Use AzureAD PowerShell cmdlets on VSTS agent

Today, I continued working on my custom VSTS extension that I will publish in the near future. In the extension I needed a way how to use AzureAD PowerShell cmdlets on VSTS agent because it isn’t installed by default.

Ship cmdlets in extension

Installing AzureAD cmdlets is not really that difficult. You just download the AzureAD cmdlets module from the PowerShell gallery and put them in your extension so they will be installed with your extension.

Importing the cmdlets

After you put the cmdlets as artifact in your extension, you need to import them. You can do this in example in your execution PowerShell file (in my case Main.ps1) with the following code:

Connect-AzureAD

After imported, you can use them. Of course you first need to login. Because we don’t want to hard code credentials in our extension, you will have to pass them to the Connect-AzureAD cmdlet. There are multiple ways on how to do this. Think in example of a credential file as variable. I used an Azure Resource Manager endpoint for this. I did this because I actually only wanted to use the AzureRM module for my extension but some of the cmdlets are only in the AzureAD module.

So how do we login? Connect-AzureAD doesn’t allow to login with a Service Principal and a key. You need to use a self-signed certificate for this what I don’t want. I already have an Azure Resource Manager endpoint with a key. I want to use that key so the login procedures for AzureRM and AzureAD are the same. I already wrote a post on how to login with a SP and key but with an existing Azure Resource Manager endpoint in your task you can use the following code:

After the above code, you can run any cmdlet that you want (if your AzureRM endpoint SP has permission on it).

Connect to AzureAD with Service Principal

I needed this already multiple times but never got it working. Today, I needed again the ability to Connect to AzureAD with Service Principal because some actions can’t be done (yet) via the Azure Resource Manager.

You can’t login into the Azure AD with a key as a Service Principal. You need a certificate for this. Read for more information the documentation of Connect-AzureAD. In order to use a key for logging into the Azure AD, we need to login first into AzureRM because there it is possible by default. Then call something from the Azure AD (in example a group or application) with AzureRM so the tokencache of the AzureRM context is filled with a valid token to “https://graph.windows.net/”. After that, use the token to login with Connect-AzureAD AadAccessToken cmdlet.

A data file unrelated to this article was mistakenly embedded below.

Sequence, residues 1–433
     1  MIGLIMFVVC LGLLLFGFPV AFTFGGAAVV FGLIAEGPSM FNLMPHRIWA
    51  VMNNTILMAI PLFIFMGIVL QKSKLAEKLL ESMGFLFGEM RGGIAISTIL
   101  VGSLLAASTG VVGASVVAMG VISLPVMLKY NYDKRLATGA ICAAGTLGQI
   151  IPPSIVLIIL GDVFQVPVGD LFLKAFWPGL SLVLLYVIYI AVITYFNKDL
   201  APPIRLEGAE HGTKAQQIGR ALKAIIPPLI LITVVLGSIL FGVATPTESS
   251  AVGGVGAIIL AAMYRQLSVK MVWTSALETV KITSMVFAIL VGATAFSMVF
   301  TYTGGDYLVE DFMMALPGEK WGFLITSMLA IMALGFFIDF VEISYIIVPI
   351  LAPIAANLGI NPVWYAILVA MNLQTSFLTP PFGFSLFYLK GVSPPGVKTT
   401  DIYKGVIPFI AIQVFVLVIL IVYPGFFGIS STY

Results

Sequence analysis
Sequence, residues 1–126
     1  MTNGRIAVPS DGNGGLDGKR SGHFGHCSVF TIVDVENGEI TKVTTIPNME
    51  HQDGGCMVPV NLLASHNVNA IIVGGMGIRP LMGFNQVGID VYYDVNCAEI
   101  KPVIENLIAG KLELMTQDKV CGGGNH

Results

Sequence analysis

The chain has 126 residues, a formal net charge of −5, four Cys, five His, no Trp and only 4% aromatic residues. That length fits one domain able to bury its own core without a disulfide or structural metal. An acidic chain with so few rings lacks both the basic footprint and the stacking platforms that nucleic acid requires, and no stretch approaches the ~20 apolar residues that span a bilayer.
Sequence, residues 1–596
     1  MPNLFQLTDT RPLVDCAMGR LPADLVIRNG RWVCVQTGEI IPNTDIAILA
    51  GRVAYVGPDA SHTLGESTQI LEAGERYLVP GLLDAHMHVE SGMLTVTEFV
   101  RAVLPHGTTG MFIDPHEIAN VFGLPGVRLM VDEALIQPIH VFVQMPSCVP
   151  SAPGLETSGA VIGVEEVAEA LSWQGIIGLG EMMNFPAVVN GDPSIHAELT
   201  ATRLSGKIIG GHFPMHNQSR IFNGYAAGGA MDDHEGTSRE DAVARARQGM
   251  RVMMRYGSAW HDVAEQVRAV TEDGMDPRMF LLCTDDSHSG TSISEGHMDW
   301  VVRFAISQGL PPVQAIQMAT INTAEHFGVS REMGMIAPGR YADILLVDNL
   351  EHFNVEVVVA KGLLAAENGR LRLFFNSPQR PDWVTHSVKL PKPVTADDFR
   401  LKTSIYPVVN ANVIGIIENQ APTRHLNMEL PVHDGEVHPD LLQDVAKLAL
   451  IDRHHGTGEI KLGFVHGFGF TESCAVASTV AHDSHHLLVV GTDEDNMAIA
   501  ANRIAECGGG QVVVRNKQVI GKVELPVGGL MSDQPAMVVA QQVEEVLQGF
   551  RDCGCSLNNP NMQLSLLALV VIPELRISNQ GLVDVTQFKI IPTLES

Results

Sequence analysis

Sample

This script (written in AzureRM 5.1.1 because VSTS hosted agents are using that as well) will get an Azure AD application via AzureRM and then via AzureAD cmdlets.

 

Upgrading PowershellGet to the latest version

This is a small tutorial on how to upgrade PowershellGet to the latest version. The easiest way to upgrade your PowershellGet module is to run the following command:

After that, check your installed versions:

If you have multiple versions, the best thing todo is to remove the older versions. To remove the older versions, do the following:

  1. Browse to C:\Program Files\WindowsPowerShell\Modules\
  2. Go into C:\Program Files\WindowsPowerShell\Modules\PowershellGet folder, and delete the older version folders
  3. Then do the same for C:\Program Files\WindowsPowerShell\Modules\PackageManagement

Now run the Get-Module commands again and see if the old versions are gone.

 

Add Azure AD Application as owner of another AD Application

This is just to explain to myself how to add Azure AD Application as owner of another AD Application because I have searched to many times for it.

You can’t do this as Global Admin. You need to be a normal user that is of course owner of the AD Application that you want to change.

This script uses both AzureAD and AzureRM PowerShell modules because on this moment not everything is available in AzureRM.

First get the owners of the application where you want to add the owner to. Check if it’s not already there.

Then get the service principal object id (property id) of the Azure AD Application

The result will be the ApplicationId, DisplayName, Id and Type. Copy the Id property (ObjectId) to add it as owner. You can also use the following shortcut:

Add the new ObjectId as owner:

Check if the new owner is set (you can check this as well in the portal):

Oneliner

Or everything in one line: